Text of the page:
The newest biologic agent for psoriasis, bimekizumab (Bimzelx), was approved by the FDA on October 18, 2023, for the management of moderate to severe psoriasis. Bimekizumab is unique in that it blocks both the IL-17A and IL-17F cytokines. The other IL-17 antagonists approved to manage psoriasis either only block IL-17A (ixekizumab and secukinumab) or block the IL-17 receptor (brodalumab). In findings from the phase 3 BE READY trial (NCT03410992), which studied bimekizumab in the management of moderate to severe psoriasis, 91% of 349 patients receiving this medication at 320 mg every 4 weeks achieved a Psoriasis Area and Severity Index (PASI) score of 90 compared with 1% of 86 patients receiving placebo.4 In findings from the phase 3 BE OPTIMAL trial (NCT03895203), which studied bimekizumab in the management of psoriatic arthritis (for biologic-naive patients), significantly more patients receiving bimekizumab (44%) reached American College of Rheumatology 50% response vs those receiving placebo (10%).5 “Head-to-head studies with bimekizumab vs currently FDA-approved biologic agents, including adalimumab, secukinumab, and ustekinumab, have highlighted the rapid onset of action of this new biologic medication. Even before the second dose, this is a significant PASI response, making this a great option for a patient whose main concern is rapid improvement with infrequent dosing compared with some competitors. Bimekizumab’s unique mechanism of action [IL-17A/F] is a novel and exciting addition to the current biologic landscape for psoriasis,” G. Michael Lewitt, MD, FAAD, a board-certified dermatologist at Rosealind Franklin-Chicago Medical School in Chicago, Illinois, said.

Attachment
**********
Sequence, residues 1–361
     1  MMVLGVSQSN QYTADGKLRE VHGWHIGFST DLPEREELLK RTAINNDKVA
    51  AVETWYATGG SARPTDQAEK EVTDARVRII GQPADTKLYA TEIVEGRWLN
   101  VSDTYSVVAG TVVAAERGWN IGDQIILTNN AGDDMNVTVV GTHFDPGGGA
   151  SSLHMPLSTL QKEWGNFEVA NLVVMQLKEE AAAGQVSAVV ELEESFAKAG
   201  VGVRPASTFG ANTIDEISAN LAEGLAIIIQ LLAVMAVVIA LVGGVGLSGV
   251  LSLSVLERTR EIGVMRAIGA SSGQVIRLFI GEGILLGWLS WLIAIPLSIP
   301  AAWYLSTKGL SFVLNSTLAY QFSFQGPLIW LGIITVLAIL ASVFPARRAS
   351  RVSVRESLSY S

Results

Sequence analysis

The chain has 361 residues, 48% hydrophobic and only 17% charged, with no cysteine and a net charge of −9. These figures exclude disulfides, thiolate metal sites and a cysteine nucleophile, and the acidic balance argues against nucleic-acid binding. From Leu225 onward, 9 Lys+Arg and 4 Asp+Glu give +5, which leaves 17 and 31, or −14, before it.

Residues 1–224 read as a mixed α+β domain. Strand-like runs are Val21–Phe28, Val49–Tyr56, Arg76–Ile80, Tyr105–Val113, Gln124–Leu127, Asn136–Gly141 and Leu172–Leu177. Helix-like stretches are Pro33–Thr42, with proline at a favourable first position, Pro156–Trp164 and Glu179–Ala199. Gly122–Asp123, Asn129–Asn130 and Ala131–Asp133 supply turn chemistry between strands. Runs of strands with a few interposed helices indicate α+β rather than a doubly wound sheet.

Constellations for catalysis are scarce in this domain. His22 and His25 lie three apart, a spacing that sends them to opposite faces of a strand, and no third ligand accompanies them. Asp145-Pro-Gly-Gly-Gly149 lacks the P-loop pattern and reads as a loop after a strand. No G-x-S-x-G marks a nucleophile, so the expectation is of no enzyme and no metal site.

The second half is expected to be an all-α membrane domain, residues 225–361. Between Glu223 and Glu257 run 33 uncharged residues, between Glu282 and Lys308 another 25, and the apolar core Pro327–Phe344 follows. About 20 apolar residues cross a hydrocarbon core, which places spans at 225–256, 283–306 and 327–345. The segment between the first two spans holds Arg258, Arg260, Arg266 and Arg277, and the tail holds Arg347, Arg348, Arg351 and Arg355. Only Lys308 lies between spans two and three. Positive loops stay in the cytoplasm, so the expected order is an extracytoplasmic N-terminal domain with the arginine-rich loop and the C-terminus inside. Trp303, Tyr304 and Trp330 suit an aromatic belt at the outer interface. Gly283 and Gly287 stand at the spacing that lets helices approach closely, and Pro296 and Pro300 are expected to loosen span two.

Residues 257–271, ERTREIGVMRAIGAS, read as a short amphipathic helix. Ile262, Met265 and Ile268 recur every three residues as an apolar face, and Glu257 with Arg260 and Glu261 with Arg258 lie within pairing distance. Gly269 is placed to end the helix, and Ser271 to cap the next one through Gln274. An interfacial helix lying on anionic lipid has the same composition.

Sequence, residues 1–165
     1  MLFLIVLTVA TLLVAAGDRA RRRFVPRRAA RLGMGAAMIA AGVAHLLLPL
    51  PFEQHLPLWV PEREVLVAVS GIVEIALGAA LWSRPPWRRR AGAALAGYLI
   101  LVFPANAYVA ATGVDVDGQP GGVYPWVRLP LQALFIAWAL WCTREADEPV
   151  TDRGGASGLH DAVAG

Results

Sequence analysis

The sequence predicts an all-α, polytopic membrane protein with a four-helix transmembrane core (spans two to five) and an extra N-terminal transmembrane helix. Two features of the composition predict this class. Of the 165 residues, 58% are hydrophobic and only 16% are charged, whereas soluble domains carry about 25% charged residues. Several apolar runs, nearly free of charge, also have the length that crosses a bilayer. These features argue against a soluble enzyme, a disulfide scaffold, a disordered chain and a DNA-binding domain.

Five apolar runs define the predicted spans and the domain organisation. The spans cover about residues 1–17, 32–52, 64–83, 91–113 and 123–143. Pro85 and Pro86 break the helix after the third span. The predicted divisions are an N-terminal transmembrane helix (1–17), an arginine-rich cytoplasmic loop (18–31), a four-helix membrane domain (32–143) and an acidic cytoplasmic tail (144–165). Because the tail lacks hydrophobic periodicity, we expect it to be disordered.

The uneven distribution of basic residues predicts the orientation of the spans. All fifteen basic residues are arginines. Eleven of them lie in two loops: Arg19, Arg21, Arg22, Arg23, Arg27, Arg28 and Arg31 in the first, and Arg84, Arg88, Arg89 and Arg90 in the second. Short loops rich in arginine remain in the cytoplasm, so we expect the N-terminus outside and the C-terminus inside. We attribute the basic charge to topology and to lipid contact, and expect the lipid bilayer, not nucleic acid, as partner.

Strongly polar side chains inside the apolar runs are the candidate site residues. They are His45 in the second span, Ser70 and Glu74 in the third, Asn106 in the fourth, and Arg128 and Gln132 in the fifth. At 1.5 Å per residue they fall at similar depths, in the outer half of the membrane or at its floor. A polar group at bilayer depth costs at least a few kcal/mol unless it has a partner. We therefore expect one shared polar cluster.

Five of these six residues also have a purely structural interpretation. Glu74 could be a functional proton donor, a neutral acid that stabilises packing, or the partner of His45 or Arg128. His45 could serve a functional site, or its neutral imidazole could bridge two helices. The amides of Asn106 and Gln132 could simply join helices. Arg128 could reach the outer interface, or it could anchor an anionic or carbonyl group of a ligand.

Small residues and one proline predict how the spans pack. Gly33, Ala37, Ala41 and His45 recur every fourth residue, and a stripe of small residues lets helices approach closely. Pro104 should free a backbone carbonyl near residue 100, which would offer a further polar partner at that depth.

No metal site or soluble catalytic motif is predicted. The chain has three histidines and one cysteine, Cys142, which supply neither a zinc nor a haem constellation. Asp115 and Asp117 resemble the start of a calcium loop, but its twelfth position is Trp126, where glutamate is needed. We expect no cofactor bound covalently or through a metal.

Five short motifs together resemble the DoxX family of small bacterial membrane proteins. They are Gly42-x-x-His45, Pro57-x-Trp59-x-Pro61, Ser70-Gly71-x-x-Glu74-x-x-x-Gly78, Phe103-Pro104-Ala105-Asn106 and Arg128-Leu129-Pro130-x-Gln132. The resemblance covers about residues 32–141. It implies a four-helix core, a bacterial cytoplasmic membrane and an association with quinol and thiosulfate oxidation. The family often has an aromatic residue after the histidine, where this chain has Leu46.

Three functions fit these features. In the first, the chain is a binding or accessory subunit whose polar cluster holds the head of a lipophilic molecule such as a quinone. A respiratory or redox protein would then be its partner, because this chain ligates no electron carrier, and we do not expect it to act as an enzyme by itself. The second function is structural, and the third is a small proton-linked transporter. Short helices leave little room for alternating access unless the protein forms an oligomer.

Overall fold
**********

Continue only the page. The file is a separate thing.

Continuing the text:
Pooled safety analysis from phase 2 and phase 3 showed that nasopharyngitis, oral candidiasis, and upper respiratory tract infection were the most common treatment-emergent adverse events reported with bimekizumab. IL-17 is involved in mucosal host defenses against fungal infections; therefore, anti–IL-17 biologics can be associated with an increased risk of oral mucocutaneous candidiasis.6 Of the patients in the phase 2/3 trials, 15.4% reported an oral candidiasis event in the first year and 9.1% reported it during the second year. These rates are higher when compared with the other IL-17 antagonists.